Teenage Discipline Requires A Sense Of Objectivity (Page 2)
Let's assume that your fifteen year old son has just come home later than he should have after spending the evening with friends and this has resulted in a heated argument in the lounge. With each of you shouting at the other your son storms off to the kitchen announcing that he is going to get something to eat. A matter of moments later you hear a crash coming from the kitchen and when you enter the room you find your son banging his fist on the kitchen counter and cursing loudly and a broken plate and turkey spread over the kitchen floor. What should you do?
Now you don't know exactly what happened but, because emotions are running high and you and your son are already angry with each other, your natural reaction might well be to respond based on your current anger. But is this likely to be appropriate?
It is quite possible that your son took the plate of turkey out of the fridge and, in his angry state, deliberately threw it onto the floor. It is also possible that, because he was angry, he was wasn't paying attention to what he was doing and the plate simply slipped out of his hand. Another explanation could be that, as he was putting the platter on the kitchen counter, he accidentally brushed his arm up against the kettle, which was hot having been boiled just a few minutes earlier when you made a cup of coffee. The plate was then knocked off the counter when he pulled his arm away from the kettle.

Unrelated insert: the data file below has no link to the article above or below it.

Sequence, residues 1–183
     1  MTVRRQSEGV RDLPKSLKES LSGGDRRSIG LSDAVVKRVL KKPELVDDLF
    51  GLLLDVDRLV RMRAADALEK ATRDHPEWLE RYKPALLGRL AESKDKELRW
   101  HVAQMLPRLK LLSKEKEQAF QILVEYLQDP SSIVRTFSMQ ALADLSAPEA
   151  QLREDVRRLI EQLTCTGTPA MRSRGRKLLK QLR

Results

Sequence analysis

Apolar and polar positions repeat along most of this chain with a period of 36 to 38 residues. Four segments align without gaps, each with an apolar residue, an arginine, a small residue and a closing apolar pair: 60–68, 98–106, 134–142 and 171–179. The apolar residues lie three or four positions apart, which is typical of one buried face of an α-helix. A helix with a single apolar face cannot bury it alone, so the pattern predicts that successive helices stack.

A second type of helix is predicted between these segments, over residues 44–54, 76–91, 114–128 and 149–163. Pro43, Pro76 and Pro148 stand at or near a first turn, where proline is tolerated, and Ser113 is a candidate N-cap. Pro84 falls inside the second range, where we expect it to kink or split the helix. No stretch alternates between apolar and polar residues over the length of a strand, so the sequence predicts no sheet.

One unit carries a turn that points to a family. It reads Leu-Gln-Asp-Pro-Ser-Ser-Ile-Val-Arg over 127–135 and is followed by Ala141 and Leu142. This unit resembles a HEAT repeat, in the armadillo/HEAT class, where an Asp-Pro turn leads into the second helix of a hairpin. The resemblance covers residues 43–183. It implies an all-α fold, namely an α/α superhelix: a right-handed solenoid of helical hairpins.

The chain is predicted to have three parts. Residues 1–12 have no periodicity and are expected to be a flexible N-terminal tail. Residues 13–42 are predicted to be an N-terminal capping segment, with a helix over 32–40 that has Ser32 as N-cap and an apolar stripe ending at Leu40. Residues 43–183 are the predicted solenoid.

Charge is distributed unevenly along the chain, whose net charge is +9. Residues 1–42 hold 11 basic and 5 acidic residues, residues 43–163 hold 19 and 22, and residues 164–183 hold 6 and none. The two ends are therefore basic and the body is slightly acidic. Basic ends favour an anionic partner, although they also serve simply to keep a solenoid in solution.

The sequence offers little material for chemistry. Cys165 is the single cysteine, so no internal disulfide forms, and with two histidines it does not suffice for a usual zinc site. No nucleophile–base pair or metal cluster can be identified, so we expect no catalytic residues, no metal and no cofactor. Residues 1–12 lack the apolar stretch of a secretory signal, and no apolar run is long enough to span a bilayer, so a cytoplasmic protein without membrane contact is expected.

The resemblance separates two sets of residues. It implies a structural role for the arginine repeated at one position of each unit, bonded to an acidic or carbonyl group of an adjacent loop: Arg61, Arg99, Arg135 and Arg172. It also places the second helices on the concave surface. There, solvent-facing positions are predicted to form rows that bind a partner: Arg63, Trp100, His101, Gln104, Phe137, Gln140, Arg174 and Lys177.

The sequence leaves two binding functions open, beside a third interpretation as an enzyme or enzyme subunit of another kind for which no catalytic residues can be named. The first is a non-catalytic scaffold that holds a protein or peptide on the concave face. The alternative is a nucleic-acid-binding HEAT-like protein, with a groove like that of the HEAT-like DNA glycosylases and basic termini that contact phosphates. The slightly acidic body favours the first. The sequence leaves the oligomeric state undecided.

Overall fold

The problem is that if don't take the time to establish what happened before you react you could well act inappropriately, making an already difficult situation worse. The secret therefore is to stay objective, find out precisely what happened and then act accordingly. So, begin by taking a deep breath, compose yourself and then ask your son quietly and calmly just what happened.
Let's consider two possible situations.
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